The answers seemed to indicate that solar panels cause electrons to flow in a kind of closed loop, eg:
If solar panels simply cause a fixed supply of electrons to loop over and over in a closed circuit, then I don’t understand how this can give an endless supply of energy. Eg, lets say I attach a lightbulb in to this circuit. Won’t this cause a loss of electrons as they get converted in to light energy?
Electrons don’t get converted into light energy. It is the flow of electrons that cause work to be done.
Remember that all matter is made up of atoms with electrons zipping around them. All of these electrons are moving around constantly, but because their motion is essentially random, the net flow of all of them is zero. Electric current causes those electrons – which are already there – to all flow in one direction like water through a pipe. When that flow does work (such as lighting up a light bulb) a resistance is added, like friction inside the pipe. The more load attached to the circuit, the more friction there is, and the harder it is to push the electrons through.
Solar panels don’t really create electrons, they already have them. When sunlight (photons) hit the photovoltaic material, they add energy to electrons in the semiconductor which allows them to flow more freely. Those electrons start flowing through the circuit, but are immediately replaced by electrons (with less energy) returning from the circuit. Then more photons hit those electrons, which causes them to jump up to a higher energy level again, and so on.
OK, picture a hydraulic system, like the one the mechanic uses to lift up your car. You’ve got a compressor at one end, and a big piston at the other. Where does the compressor get the oil from? And why doesn’t the piston use up oil? There’s your answer: The electrons in an electrical system behave very much like the oil in a hydraulic system.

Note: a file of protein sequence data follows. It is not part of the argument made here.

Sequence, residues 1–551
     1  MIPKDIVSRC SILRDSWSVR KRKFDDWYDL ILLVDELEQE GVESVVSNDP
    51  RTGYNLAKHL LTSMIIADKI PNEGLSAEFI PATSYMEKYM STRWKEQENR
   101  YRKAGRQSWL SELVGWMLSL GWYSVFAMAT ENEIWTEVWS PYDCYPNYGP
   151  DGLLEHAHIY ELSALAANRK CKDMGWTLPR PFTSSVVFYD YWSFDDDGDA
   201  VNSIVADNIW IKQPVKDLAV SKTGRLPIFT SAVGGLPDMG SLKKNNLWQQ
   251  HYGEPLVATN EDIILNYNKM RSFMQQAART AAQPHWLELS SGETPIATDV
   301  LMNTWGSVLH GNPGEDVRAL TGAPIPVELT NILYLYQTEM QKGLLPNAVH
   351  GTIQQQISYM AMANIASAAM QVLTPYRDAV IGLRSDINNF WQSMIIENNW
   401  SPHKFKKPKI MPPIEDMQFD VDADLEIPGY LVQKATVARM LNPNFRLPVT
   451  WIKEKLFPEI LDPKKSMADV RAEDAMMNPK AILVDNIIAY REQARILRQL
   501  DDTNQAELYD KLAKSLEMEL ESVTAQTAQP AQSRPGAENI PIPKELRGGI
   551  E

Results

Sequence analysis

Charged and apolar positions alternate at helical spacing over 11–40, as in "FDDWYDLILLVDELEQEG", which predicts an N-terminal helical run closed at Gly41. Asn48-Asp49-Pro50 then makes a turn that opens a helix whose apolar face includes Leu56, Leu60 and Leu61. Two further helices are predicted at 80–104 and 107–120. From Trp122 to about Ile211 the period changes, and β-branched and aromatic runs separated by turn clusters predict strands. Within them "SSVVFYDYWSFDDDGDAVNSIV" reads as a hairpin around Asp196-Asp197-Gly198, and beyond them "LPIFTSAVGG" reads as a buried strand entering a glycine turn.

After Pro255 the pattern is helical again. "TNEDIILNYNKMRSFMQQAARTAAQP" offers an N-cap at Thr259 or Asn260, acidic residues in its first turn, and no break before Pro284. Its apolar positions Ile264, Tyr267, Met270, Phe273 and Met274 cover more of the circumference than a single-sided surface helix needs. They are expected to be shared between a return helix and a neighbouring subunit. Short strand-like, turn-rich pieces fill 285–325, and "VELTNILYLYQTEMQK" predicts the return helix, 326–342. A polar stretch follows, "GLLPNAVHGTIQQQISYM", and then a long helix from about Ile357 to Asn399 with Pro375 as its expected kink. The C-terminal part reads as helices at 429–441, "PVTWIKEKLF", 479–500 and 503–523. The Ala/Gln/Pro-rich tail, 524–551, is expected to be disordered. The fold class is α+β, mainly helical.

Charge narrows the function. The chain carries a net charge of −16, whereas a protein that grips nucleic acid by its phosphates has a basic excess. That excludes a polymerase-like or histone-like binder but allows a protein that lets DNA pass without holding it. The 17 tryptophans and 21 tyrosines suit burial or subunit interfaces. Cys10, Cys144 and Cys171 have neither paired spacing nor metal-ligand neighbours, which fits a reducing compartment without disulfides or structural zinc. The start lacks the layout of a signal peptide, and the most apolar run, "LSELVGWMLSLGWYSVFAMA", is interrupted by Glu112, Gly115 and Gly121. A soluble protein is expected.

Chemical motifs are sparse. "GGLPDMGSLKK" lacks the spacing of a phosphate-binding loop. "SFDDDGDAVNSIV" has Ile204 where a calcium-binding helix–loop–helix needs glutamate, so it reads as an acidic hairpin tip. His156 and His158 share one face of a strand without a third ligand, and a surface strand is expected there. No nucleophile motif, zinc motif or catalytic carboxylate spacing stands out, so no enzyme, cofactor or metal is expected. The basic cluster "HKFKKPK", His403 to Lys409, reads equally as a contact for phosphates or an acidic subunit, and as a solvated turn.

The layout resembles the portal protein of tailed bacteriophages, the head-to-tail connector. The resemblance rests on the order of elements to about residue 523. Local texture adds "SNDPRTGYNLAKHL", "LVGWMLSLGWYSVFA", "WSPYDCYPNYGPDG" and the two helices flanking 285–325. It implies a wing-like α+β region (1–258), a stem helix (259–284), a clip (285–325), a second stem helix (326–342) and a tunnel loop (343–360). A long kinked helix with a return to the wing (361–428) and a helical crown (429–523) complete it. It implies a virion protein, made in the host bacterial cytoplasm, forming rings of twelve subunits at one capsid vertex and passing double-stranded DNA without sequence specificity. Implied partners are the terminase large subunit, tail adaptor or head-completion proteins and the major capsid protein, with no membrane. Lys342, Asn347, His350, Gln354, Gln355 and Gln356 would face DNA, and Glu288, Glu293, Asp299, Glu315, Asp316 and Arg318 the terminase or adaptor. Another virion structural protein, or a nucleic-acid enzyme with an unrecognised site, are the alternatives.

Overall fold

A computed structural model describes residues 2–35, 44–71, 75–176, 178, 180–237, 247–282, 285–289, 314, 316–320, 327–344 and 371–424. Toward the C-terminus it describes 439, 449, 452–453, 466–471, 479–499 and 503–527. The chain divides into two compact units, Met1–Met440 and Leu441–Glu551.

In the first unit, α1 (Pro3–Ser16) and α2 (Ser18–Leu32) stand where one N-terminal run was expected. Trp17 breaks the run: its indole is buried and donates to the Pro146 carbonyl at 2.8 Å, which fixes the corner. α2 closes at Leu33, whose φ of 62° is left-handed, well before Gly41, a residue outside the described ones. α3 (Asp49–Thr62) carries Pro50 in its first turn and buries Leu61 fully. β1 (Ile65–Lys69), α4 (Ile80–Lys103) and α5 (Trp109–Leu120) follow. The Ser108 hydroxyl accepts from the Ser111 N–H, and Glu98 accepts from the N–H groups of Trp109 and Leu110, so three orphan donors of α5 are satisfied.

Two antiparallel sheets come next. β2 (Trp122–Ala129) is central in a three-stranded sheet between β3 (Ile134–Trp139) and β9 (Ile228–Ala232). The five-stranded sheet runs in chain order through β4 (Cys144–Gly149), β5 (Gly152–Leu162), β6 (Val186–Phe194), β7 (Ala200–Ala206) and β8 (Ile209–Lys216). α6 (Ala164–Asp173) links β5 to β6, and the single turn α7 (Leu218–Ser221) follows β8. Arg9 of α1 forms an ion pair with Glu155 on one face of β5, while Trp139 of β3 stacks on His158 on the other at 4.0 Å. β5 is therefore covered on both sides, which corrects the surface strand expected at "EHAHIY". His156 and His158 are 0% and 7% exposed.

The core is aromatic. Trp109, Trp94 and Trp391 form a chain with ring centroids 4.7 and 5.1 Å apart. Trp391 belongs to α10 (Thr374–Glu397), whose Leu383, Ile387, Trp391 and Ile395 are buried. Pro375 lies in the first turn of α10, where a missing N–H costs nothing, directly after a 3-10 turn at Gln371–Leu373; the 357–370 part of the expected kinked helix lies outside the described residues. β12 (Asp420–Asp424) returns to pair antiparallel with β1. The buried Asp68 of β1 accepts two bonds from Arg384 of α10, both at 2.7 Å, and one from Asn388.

It’s already been mentioned, but I think it bears repeating. Your first step should be understanding electricity, not worrying about solar panels. In no electric circuit are electrons consumed and converted into something else. Read the other replies here for more detail.
When I studied EE (5 years at Rensseltute) they tried to convince us that electric current is the flow of “holes”, not electrons. Powered by a battery, that’s from the positive terminal to the negative terminal. Baloney. Try explaining how a CRT works. Or a vacuum tube, if you want to go way back.
There are a lot of odd theoretical constructs due to the weird quantum nature of electrons, but at the macro level, and usually for people actually building electrical circuits, thinking in terms of “power source pushes electrons through the tube from negative side to positive side” is perfectly adequate, if not one hundred percent accurate.
I just want to add that perhaps it is true that “the power source pushes electrons…from the negative side to the positive side”, it can cause a lot of confusion when designing electrical circuits (at least it was for me).
Current flows from positive to negative.
While it is true that the electrons actually are moving in the opposite direction of the current, the direction of the electron movement is not really important, but the direction of current flow is.
The way it was explained to me (by a EE professor), the electrons themselves are so small and, individually, carry so little charge that you don’t really need to concern yourself with them when analyzing a circuit. Just remember that current flows from positive to negative and you can keep things straight.
Photovoltaics can cause more confusion, since to understand the physics behind how the PV work means you have to consider the actual movement of the electrons and the electron holes, but you really don’t have to understand exactly how the PV works to design a working PV circuit and keeping with the convention that current flows from positive to negative helps.
Direction of current flow isn’t important, either. Oh, you’ll get yourself confused if your circuit contains diodes or the like, and you’re thinking of current going the opposite way from the way the diode-makers did, but in the end, it’s just an arbitrary sign convention.
And it’s extremely difficult to prove that it’s the negative particles moving, not positive ones. You need to use the Hall effect. And even then, it turns out that in some semiconductors, it really is the positive holes that are moving.